Acting Jung; Ralph Fiennes Is the Latest Actor to Play a Shrink. but There Is a Fundamental Problem Putting Psychoanalysis on Stage and Screen

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Sarah Dunant The Arts The best books to give this Christmas Pages 44-45 World premiere of opera stunner Sophie's Choice Review Page 47 WHEN director Billy Wilder was a cub reporter in Vienna in the 1920s, so the story goes, he tried to get an interview with the then mover and shaker of Viennese culture, Dr Sigmund Freud. He got as far as the waiting room, where Freud took one look at his card and showed him the door.

History, exile and war intervened, and Wilder got his own back 50 years later by satirising the good doctor with a character called The Big Brain From Vienna in his sublimely funny newspaper farce, The Front Page.

The Big Brain gets bigger billing in Christopher Hampton's new play The Talking Cure, which has just opened at the National Theatre and dramatises the moment in psychoanalytic history when Jung (played by Ralph Fiennes) and Freud split after Jung's analysis of a key case.

The audience no doubt will be full of shrinks. Professionals love plays about themselves (Caryl Churchill's 1980s play Serious Money, about the City boom, had traders buying tickets from touts and the Royal Court bar was noisy with the popping of their champagne corks). But amid the shrinks at the National, there will also be a fair number of patients - past, present and, possibly, future.

Even if you're not a believer in the religion of psychoanalysis, Freud's impact on the modern consciousness has been immense. The 20th century was in many ways Freud's century. His Interpretation of Dreams was published in 1900, at a time when the newly born cinema was making our imagination celluloid, while Freud's analyst, as a figure seeking deeper truth in the unconscious, mirrors the rise and rise of the detective in fiction.

No question about it, in terms of drama, The Big Brain was on to something: inside every great story there is always a darker, more coded one lurking under the surface. Put the words secrets, memory and family together and you have a plot. But to uncover it you must read the clues and hear the language under the words. Sherlock and Sigmund had a good deal more in common than a fondness for cocaine.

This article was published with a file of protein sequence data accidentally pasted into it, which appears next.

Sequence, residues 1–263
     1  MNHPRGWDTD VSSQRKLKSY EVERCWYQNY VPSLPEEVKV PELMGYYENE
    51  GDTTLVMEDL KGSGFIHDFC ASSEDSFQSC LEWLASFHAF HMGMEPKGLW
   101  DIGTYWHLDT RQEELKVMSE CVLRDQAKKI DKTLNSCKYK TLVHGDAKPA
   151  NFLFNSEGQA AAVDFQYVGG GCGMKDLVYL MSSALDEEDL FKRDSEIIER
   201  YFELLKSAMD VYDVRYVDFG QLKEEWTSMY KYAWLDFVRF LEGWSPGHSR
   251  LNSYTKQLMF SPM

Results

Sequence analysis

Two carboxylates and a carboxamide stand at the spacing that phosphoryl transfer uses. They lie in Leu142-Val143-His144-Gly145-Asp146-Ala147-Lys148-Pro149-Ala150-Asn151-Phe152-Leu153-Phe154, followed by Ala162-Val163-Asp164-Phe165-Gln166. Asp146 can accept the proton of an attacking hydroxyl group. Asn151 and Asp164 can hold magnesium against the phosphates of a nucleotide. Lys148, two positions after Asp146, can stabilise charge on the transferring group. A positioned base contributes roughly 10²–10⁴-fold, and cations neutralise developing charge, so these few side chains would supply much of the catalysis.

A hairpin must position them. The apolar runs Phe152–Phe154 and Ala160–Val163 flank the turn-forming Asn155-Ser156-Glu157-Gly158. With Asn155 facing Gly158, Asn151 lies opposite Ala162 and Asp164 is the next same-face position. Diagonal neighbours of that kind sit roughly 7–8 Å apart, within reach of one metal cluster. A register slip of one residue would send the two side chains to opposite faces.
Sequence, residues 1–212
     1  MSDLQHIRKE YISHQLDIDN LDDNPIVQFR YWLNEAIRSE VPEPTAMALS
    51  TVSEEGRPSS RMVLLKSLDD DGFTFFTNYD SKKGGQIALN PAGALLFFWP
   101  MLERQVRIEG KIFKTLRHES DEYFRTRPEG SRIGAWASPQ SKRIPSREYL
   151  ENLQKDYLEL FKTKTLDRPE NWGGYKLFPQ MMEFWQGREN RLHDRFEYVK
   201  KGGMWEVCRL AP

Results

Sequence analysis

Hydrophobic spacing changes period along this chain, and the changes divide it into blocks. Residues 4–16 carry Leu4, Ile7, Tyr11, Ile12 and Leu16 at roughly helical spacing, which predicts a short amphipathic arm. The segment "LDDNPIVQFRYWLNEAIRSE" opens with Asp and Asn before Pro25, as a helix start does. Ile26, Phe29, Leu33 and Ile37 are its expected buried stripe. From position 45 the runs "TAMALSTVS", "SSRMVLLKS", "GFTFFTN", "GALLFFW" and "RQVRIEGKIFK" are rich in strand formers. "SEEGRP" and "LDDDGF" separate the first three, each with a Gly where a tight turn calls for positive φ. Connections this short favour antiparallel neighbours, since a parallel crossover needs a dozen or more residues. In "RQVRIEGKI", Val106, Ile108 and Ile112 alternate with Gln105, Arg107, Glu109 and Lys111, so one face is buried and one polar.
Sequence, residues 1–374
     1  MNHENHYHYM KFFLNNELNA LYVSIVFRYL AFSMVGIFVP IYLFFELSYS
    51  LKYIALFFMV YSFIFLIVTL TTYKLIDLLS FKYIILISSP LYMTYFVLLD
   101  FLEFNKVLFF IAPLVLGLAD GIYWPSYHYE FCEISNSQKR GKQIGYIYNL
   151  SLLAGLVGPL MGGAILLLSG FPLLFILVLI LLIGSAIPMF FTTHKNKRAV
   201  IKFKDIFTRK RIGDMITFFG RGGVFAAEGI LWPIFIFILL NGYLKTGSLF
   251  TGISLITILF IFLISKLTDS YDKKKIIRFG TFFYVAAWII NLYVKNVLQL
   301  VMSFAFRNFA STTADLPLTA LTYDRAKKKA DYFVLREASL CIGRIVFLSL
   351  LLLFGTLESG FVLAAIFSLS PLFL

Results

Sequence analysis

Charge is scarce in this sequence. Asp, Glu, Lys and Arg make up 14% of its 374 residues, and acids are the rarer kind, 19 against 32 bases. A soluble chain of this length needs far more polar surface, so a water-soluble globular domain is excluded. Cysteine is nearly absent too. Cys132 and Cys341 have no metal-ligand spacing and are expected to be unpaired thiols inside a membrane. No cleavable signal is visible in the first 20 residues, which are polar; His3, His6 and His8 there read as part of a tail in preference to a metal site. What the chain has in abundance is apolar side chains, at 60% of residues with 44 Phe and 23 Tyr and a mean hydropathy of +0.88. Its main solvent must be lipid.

Bizarrely, we partly have Hitler to thank for Freud's popularity. The forced mass exodus of so many of Europe's writers, artists and thinkers, and their rooting in foreign soil also marks the arrival of analysis in America, and on its stage and screen (a story that Christopher Hampton has already tackled obliquely in his rich and funny play Tales from Hollywood).

By the early Fifties, psychiatry and psychoanalysis were gushing into the mainstream.

Ironically, Freud's most popular movie interpreter at the time would have taxed the couch springs in more ways than one: they don't come any more bloated with repression than Alfred Hitchcock. Yet many of Hitchcock's best movies are coherent, albeit simplistic, studies of neurosis and the impact of analysis. From the castrating overbearing mother/son relationship revealed in Psycho (1960), through Gregory Peck's encounter with the Viennese therapist in Spellbound (1945) - "Tink of me as yuer fadder.

Tell me efferyting that cumes into yuer head" - to the sexual tension of Sean Connery free associating with ice-blonde Tippy Hedren in Marnie (1964). …


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